I got back from Wiesbaden yesterday after helping to man the GNOME stand for the first day of LinuxTag. This year it’s in Wiesbaden instead of Karlsruhe. It seems to be significantly smaller, and felt deserted on that first day, but I’m sure it will pick up later, like it always did in Karlsruhe. There’s nothing as good as LinuxTag in Germany.
We only had a few of the items from the GNOME Events Box due to an(other) organizational snafu, and the Foot poster didn’t arrive yet, but we still made the most of our half a booth, using Thomas Keup’s projector to throw some eye-catching GNOME logos on the wall and enticing people with Novell’s XGL videos and GPE‘s selection of embedded devices. Our friends at Ubuntu have a large stand opposite us, so I suspect that this will become an epicentere of enthusiasm when the crowd gets here.
Joerg “Josh” Kress is again taking most of the weight for the booth’s organisation. I am often amazed by his patience and dependability. He’s great at calmly introducing people to a new world, showing them how to learn more, and how to get involved with the community that makes it happen. His new book, “Linux Lernen mit Ubuntu” does this in more detail. You should all go out and buy it, so he can take you on a tour of desktop Linux. If you take your copy to LinuxTag then he’ll even autograph it for you.
Here is a photo if someone would like to make him a hackergotchi head for Planet Ubuntu:
We probably only spoke to about 15 people, compared to the usual hundreds, but it was nice to be more relaxed and to give people more time. Most people were completely new to Linux, which is similar to the last few events I’ve attended. The XGL videos are a nice opportunity to talk about how we like to take the time to make stuff really work, and to use technology where it’s useful and tasteful by default, resisting the temptation to throw in a lot of techie gimmicks that are fun at first, but would quickly become annoying. We need to get this idea of lifestyle design across in our marketing when this stuff goes mainstream. But I told them that they can try the work in progress in SUSE/Novell Linux and, with some tweaking, in the other distros in the meantime.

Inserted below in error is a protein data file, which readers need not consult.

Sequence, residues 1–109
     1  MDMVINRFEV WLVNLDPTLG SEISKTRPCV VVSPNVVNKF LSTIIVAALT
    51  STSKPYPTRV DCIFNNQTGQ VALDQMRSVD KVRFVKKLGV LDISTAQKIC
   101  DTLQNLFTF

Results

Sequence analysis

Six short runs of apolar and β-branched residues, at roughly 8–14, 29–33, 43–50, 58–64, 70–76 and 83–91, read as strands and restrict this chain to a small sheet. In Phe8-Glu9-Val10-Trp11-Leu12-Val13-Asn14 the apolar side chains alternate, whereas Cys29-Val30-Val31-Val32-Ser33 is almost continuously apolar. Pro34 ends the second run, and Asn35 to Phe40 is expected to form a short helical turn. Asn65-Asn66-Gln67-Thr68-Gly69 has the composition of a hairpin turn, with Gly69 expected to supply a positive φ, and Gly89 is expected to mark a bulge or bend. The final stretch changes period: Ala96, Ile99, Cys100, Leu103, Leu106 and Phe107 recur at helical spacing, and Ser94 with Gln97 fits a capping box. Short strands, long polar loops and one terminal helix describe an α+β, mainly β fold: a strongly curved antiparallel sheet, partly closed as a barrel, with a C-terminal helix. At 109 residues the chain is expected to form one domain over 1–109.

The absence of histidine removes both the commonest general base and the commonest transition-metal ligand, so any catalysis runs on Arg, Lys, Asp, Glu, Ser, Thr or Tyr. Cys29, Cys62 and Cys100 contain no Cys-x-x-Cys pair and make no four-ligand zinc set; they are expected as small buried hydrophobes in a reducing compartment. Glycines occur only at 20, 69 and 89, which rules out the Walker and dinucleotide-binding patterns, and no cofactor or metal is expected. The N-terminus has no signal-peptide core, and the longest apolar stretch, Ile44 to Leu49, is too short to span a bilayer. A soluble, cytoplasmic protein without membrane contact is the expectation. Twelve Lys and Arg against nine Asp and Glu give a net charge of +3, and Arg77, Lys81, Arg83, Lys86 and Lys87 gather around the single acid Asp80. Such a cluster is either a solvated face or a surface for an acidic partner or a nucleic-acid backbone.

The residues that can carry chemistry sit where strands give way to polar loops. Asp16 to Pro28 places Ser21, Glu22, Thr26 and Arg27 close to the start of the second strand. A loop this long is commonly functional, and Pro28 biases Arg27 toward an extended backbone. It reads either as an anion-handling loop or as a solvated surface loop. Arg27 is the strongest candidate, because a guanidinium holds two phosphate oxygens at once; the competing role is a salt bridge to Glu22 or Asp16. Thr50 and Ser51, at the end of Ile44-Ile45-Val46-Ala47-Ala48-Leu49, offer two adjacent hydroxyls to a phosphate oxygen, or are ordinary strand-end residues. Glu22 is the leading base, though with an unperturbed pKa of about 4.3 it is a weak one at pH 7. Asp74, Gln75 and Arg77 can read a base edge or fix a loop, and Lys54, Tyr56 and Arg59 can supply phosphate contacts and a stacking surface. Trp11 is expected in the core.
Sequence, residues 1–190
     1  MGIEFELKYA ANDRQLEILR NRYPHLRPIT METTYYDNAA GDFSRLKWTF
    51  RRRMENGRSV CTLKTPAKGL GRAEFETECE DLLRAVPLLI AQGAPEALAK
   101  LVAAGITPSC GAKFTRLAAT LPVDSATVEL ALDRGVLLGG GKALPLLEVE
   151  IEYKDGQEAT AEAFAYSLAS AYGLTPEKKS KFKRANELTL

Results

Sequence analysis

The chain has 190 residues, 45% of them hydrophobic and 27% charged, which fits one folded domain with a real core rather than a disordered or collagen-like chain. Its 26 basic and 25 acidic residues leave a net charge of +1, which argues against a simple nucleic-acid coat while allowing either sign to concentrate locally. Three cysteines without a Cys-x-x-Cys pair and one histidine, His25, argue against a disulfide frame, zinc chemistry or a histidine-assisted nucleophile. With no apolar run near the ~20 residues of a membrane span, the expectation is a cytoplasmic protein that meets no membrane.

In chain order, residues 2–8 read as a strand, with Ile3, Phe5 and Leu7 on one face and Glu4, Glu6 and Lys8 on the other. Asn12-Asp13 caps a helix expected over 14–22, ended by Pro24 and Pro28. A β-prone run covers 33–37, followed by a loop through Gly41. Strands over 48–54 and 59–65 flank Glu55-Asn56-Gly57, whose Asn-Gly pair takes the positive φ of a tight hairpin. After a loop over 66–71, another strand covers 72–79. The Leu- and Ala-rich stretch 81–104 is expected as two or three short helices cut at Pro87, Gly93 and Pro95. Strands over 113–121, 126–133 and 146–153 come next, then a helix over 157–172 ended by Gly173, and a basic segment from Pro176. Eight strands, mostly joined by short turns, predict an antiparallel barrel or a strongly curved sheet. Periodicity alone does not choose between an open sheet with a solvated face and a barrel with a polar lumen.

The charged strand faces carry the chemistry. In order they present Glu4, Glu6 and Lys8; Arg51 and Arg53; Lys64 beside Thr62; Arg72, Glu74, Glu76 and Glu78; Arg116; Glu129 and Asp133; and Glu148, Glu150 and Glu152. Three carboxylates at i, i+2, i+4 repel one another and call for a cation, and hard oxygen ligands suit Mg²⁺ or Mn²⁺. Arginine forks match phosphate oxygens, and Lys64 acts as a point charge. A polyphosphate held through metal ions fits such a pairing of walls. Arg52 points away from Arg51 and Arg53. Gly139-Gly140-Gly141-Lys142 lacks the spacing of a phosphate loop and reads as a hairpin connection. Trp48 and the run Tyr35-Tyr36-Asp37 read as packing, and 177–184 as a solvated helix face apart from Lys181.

GNOME’s User Profiles Editor (Sabayon) is also a great demonstration for system administrators and existing users. It does so much, without forcing a whole new UI on people, because the developers were interested in the users’ goals rather than just mimicking existing tools.
I’m getting a little tired of my regular mini spiels, though they remain effective:
- Show how much better [Save] is than [Yes] in a “Do you want to save changes?” dialog, with a “Really Discard Changes?” dialog as the punchline. This emphasizes our attention to detail, and to the user experience, so they don’t need to pay attention.
- Showing our simple preferences and comparing them to the useless obscure options in Windows/Office applications.
Someone should write up something fun on the marketing pages.